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Title: Credit risk models for mortgage loan loss given default
Author: Leow, Mindy
ISNI:       0000 0004 2703 4649
Awarding Body: University of Southampton
Current Institution: University of Southampton
Date of Award: 2010
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Arguably, the credit risk models reported in the literature for the retail lending sector have so far been less developed than those for the corporate sector, mainly due to the lack of publicly available data. Having been given access to a dataset on defaulted mortgages kindly provided by a major UK bank, this work first investigates the Loss Given Default (LGD) of mortgage loans with the development of two separate component models, the Probability of Repossession (given default) Model and the Haircut (given repossession) Model. They are then combined into an expected loss percentage. Performance-wise, this two-stage LGD model is shown to do better than a single-stage LGD model (which directly models LGD from loan and collateral characteristics), as it achieves a better Rsquare value, and it more accurately matches the distribution of observed LGD. We next investigate the possibility of including macroeconomic variables into either or both component models to improve LGD prediction. Indicators relating to net lending, gross domestic product, national default rates and interest rates are considered and the interest rate is found to be most beneficial to both component models. Finally, we develop a competing risk survival analysis model to predict the time taken for a defaulted mortgage loan to reach some outcome (i.e. repossession or non-repossession). This allows for a more accurate prediction of (discounted) loss as these periods could vary from months to years depending on the health of the economy. Besides loan- or collateral-related characteristics, we incorporate a time-dependent macroeconomic variable based on the house price index (HPI) to investigate its impact on repossession risk. We find that observations of different loan-to-value ratios at default and different security type are affected differently by the economy. This model is then used for stress test purposes by applying a Monte Carlo simulation, and by varying the HPI forecast, to get different loss distributions for different economic outlooks.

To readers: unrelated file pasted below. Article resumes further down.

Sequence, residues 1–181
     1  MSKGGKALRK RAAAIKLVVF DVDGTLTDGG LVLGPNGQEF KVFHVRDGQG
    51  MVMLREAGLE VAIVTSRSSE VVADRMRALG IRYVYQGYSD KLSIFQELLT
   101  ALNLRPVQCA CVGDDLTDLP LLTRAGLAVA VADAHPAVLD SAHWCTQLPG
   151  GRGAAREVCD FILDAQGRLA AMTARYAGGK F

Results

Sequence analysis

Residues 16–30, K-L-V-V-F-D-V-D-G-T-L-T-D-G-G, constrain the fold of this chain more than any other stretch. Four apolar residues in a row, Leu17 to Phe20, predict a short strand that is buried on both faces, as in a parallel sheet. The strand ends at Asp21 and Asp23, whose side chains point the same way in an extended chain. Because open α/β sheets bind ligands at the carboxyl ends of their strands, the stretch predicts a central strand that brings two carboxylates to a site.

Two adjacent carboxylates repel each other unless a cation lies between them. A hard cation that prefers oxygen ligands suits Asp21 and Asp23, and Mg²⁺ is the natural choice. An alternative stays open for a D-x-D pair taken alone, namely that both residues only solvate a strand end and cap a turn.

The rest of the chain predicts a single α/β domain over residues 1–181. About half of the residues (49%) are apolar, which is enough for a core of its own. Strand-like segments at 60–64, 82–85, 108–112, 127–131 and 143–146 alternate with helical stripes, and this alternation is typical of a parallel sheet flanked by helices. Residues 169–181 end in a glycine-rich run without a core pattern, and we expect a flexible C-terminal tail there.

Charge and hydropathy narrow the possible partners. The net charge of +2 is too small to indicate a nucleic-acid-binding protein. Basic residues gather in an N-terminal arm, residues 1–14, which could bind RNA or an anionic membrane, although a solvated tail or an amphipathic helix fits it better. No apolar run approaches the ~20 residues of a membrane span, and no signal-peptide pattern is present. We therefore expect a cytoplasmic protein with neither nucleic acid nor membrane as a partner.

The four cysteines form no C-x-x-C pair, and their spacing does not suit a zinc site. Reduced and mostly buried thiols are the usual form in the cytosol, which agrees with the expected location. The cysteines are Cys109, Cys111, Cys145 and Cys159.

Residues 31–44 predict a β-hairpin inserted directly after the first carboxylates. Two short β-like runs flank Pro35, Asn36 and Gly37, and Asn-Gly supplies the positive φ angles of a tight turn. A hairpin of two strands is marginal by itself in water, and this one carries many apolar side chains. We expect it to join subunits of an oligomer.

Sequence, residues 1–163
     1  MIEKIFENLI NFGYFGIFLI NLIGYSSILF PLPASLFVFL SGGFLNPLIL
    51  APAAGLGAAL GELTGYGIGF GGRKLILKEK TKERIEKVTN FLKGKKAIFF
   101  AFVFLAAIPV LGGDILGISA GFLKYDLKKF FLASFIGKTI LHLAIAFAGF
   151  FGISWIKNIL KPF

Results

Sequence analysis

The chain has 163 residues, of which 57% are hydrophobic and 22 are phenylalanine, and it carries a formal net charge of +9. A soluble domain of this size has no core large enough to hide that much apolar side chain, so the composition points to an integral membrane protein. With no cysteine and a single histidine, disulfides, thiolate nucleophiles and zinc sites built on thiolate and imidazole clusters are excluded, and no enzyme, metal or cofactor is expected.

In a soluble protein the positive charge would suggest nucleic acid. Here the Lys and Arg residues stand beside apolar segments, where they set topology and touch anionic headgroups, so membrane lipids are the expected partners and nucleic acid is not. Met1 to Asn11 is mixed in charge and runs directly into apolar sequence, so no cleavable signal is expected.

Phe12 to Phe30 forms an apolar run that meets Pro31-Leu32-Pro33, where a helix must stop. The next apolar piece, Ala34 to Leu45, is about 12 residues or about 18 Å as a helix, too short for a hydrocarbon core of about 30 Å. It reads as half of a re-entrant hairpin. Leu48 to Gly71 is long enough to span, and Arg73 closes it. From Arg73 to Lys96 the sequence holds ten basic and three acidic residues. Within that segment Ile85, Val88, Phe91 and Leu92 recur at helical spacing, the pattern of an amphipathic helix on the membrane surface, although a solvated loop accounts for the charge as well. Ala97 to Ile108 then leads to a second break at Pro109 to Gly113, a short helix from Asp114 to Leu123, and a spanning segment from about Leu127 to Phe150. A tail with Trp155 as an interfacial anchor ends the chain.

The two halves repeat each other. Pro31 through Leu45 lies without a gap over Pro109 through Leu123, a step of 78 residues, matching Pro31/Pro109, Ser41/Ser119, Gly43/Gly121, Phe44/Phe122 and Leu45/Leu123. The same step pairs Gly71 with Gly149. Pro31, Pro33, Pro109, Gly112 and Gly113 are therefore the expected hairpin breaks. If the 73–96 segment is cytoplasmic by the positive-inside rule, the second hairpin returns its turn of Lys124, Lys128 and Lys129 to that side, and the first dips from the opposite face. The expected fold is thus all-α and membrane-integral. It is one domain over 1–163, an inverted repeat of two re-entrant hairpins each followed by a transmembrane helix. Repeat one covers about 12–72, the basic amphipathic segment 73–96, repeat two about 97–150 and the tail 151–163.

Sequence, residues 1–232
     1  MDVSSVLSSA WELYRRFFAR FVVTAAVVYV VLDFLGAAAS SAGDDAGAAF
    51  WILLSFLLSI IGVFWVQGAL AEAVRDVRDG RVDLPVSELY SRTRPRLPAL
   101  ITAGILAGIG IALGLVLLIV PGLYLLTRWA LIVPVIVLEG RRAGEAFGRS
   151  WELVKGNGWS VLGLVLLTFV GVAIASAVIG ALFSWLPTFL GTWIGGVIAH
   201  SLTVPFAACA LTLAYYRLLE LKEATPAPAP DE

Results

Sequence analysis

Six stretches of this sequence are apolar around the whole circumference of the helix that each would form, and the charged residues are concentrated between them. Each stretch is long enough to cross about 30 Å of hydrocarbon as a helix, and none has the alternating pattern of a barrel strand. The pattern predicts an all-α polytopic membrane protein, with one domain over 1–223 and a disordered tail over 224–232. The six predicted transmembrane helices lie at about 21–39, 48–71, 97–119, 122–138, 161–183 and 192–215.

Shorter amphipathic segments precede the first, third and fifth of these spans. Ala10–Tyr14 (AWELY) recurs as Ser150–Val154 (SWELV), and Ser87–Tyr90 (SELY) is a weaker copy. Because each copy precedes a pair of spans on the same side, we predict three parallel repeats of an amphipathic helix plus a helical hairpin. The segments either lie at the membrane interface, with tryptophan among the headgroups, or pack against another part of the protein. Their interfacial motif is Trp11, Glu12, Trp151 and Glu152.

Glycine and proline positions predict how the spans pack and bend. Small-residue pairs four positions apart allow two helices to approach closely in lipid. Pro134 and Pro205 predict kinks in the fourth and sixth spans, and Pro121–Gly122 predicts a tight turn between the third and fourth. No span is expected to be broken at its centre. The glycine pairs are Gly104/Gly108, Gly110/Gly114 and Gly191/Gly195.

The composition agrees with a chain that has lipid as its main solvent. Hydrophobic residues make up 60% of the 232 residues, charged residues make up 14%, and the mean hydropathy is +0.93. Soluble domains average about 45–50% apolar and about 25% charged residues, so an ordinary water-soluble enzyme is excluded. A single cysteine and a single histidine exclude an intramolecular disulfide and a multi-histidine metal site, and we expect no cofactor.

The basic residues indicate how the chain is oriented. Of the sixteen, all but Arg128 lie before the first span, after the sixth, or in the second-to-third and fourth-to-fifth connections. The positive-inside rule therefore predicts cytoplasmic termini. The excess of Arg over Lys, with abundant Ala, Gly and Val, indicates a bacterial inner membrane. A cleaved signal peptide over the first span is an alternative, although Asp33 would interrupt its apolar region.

Supervisor: Mues, Christophe ; Thomas, Lyn C. Sponsor: Not available
Qualification Name: Thesis (Ph.D.) Qualification Level: Doctoral
EThOS ID:  DOI: Not available
Keywords: HD61 Risk Management ; HG Finance